How to create useful routines in your French classroom

How to create useful routines in your French classroom

As a teacher, you probably know that classroom routines are paramount to maintaining your general sanity throughout the school year. When your students have a clear idea of what is expected of them from the time of arrival through to dismissal, classroom management becomes so much easier. When there are set routines in place, you are able to focus more on teaching and less on giving instructions. Investing in teaching your students these routines from the first day of classes will keep you from wasting valuable time throughout the school year. 

What is a classroom routine? A classroom routine is a well-rehearsed response from your students when given a direction from you, the teacher. It is something that must be taught and practiced. It is not simply enough to give the direction once. Rehearsal and practice are key! 

A classroom routine can be taught for any behaviours that you would like to control in the classroom, which can be as simple as: beginning the day, handing in assignments, sharpening a pencil or asking questions. 

What is the best way to teach a routine? Use these 5 steps to establishing a classroom routine for your French class to make the year go more smoothly for you and your students.

Step 1:  Explain the routine
Identify the routine that you wish to teach and explain to your students why it is important. For example, if you would like for your students to raise their hands before asking a question, explain how this will ensure that all students will benefit from the question and hearing the answer and it ensures that all students questions get answered. Be sure to clarify any part of the routine that students may have questions about before proceeding to the next step.

Step 2: Model the routine
You will need to act out specifically what you would like your students to do for the routine. Narrate what you are doing throughout the routine so that your students have a very clear picture of what is expected from them. If you would like your students to enter the classroom quietly and place their books in the top righthand corner of their desks, model this for your students.

Step 3: Practice the routine with your students
Have a few students act out and model the routine exactly as you have shown the class in the previous step, making any corrections as required. Now that all students have seen the routine performed, allow the entire class to practice the routine until they are comfortable completing it independently. 

Step 4: Initiate the routine
Explain to your students that you wish the routine to be completed in this manner each and every time it is required throughout the school year. As the routine is completed, be sure to narrate and remind students of the proper procedure. You can gradually release responsibility to your students as you see they are consistent with the routine.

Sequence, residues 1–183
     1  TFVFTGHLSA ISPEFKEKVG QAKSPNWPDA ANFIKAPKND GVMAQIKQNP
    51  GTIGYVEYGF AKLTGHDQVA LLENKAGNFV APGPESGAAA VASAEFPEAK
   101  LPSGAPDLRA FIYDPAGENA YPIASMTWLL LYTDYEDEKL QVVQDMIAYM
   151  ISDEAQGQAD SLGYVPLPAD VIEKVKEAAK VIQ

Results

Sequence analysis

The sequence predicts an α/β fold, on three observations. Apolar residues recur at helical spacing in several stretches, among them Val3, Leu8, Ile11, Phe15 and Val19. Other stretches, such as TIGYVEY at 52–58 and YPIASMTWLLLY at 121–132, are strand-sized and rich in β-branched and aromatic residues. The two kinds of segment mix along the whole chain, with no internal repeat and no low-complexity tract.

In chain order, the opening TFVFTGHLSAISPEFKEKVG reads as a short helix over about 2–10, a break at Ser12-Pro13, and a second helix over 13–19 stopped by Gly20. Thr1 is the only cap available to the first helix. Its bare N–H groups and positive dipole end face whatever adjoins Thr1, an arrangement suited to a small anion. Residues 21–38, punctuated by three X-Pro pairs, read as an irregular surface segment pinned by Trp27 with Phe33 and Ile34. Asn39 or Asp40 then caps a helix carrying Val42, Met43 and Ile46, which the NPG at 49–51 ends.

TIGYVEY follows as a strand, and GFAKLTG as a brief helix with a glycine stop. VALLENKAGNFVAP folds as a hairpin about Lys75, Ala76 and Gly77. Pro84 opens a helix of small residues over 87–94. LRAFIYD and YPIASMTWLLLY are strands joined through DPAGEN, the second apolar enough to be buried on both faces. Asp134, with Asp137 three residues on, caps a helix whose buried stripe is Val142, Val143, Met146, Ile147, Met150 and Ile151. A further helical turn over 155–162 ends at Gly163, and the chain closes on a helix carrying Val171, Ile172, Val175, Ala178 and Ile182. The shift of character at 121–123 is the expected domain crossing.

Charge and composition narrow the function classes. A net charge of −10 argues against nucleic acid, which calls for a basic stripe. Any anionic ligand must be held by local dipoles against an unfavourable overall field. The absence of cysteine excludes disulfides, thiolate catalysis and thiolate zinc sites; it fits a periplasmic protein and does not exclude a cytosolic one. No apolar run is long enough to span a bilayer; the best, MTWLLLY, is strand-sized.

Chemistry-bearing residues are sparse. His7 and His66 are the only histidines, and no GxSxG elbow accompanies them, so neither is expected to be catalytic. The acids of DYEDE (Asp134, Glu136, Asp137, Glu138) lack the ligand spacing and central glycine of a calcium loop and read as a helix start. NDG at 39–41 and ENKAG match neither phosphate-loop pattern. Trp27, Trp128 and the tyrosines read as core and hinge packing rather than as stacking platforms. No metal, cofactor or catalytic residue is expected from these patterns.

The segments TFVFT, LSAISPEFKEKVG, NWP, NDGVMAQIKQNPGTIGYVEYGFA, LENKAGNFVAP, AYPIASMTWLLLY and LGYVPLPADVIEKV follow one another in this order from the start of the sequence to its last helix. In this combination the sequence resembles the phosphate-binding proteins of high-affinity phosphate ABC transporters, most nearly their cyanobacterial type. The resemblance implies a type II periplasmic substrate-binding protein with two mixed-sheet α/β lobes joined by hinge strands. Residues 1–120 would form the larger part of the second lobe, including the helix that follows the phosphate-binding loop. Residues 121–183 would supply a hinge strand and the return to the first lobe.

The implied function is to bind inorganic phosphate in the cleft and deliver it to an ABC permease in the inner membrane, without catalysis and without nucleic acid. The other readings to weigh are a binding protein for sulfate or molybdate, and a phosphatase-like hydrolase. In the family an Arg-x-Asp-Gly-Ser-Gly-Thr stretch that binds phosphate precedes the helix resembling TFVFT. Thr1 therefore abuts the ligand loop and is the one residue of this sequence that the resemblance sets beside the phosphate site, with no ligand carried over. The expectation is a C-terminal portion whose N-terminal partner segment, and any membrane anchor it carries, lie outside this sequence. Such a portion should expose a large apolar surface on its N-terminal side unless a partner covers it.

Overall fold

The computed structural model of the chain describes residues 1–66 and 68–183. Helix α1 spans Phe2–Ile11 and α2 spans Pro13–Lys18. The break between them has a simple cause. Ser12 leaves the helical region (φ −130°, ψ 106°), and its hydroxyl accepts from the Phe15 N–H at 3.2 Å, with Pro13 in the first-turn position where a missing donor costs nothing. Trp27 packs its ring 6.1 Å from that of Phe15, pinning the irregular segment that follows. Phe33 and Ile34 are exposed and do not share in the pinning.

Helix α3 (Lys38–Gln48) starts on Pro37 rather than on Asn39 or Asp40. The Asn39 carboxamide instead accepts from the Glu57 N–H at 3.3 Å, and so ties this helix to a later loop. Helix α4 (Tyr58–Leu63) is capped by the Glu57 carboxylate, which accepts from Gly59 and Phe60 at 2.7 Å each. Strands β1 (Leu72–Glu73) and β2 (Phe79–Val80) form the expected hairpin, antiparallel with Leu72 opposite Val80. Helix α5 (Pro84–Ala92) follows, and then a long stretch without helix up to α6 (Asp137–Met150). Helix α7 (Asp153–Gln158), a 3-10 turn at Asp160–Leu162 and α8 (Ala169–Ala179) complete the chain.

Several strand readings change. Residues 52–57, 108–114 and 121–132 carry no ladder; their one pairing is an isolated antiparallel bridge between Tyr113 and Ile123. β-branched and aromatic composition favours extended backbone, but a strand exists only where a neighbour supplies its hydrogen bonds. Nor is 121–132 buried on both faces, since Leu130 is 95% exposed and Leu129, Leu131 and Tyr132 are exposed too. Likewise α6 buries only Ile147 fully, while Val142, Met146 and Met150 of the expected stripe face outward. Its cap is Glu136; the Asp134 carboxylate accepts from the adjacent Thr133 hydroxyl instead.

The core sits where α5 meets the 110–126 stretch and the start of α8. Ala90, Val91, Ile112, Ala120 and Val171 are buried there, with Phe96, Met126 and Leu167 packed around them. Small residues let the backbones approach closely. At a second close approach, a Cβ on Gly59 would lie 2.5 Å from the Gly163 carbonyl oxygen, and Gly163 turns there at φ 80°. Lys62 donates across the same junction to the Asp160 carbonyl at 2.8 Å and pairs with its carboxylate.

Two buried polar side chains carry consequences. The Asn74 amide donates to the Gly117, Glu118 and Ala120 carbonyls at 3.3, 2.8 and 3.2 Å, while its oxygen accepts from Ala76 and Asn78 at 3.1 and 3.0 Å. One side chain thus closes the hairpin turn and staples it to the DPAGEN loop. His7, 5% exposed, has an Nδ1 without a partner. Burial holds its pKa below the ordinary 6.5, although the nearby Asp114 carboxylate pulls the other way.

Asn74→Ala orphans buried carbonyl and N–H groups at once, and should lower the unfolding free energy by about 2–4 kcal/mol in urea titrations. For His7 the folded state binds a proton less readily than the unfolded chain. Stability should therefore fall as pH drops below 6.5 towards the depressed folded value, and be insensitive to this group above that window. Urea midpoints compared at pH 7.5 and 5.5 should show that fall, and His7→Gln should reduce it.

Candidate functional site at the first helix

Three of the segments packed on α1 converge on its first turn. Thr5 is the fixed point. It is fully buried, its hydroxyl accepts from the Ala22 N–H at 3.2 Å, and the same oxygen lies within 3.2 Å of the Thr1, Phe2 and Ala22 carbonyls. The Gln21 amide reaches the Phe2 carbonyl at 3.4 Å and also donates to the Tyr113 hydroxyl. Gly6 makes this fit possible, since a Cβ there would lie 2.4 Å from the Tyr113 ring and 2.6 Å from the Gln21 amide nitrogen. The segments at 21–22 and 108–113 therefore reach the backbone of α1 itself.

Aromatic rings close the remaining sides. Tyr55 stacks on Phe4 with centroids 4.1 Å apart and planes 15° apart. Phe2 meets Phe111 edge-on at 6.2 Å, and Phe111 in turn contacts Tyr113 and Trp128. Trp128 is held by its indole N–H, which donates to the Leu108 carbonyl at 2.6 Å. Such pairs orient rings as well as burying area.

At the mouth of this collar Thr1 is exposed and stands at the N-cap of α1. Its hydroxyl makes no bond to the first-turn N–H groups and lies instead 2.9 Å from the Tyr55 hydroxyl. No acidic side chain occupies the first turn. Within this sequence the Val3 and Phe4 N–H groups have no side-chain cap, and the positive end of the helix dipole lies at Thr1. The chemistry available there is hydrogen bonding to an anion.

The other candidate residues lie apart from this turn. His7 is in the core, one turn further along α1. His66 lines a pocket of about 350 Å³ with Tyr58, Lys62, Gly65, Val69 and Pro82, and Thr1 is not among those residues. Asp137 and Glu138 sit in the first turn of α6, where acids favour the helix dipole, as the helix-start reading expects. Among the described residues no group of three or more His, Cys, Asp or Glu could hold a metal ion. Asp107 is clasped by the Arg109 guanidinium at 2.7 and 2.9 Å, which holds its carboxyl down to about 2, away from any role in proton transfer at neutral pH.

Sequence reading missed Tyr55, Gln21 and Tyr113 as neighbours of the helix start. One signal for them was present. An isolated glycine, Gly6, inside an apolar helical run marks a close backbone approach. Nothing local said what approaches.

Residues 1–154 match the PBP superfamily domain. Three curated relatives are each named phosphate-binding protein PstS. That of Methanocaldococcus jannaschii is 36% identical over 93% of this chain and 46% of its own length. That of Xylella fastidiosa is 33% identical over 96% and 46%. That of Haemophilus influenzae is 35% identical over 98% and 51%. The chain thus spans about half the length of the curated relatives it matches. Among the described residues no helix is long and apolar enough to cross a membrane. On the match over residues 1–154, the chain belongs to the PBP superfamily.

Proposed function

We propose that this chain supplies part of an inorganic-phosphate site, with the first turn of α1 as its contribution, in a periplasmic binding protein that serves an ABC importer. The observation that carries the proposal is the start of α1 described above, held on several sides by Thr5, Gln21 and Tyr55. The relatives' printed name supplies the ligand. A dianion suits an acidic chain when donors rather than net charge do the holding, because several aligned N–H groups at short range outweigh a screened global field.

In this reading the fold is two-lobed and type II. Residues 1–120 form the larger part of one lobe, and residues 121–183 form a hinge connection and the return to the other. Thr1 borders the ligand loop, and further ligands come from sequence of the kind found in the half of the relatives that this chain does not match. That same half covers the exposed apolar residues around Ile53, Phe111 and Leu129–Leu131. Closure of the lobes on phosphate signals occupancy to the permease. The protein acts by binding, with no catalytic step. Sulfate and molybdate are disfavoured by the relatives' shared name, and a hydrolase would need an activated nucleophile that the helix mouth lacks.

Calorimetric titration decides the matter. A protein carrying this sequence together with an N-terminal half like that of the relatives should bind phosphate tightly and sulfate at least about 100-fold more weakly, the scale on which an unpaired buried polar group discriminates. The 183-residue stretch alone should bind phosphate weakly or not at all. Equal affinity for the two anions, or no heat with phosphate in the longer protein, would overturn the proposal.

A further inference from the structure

Step 5: Review the routine
There may be times when you feel you need to review the routine with your class. For example, after coming back from a school break, or on a day when a special event is occurring at the school. In this case, go back to step 1 of this guide and repeat as necessary.

Some important daily routines that I suggest to teach your students include: Beginning the day, how to enter and exit the classroom, information to include on assignments (name, date, class, grade), school supplies, handing/collecting, bathroom/drink breaks, asking a question, emergency response, early finishers, lunch/snack time, dismissal, cleaning the classroom, classroom jobs.

Other types of routines

Routines can also be established to reinforce curriculum that has already been taught.  These types of routines provide opportunities to master a skill, and instil confidence. When students practice a familiar skill repeatedly, they will become more confident applying the skill elsewhere. In my French classroom, I like to have routines in place for communicating in French. In doing so, I find students are more likely to communicate with me and with each other in French.

For example, I always implement a warm-up activity in my classes that involves speaking in French. I rotate through these activities throughout the year, but my students know that they can always expect them before beginning a lesson. Three of these activities are:

This is an excellent way to incorporate daily authentic speaking in the target language, increase student participation, student engagement and help your students gain confidence. A student is chosen to be the teacher of the day. They ask questions to other students in French and their classmates must also respond in French. I keep a set of questions handy on a key ring for students to refer to (shown above).

I use a set of 24 French speaking prompts to give students an opportunity to practice their conversational skills and gain confidence asking and answering questions in French. They are all printed on circles and attached to popsicle sticks (shown above). I place them in a jar and each student gets to choose one. They must read and respond to the question chosen. 

‘La boîte mystère’ is an activity that is popular with students because it gets them involved in a meaningful way. By hiding a mystery object in the box (shown above) and having students ask questions to try to guess the identity of the object, students practice asking and answering questions, while using their critical thinking skills. It is very similar to the popular ’20 questions’ game.

 I hope that you are find the above information helpful! I have made the resources that accompany the above routines available in the TPT shop. You can find them at the links below, or as a part of a useful bundle of 8 different useful routines for writing and speaking in the French classroom HERE.

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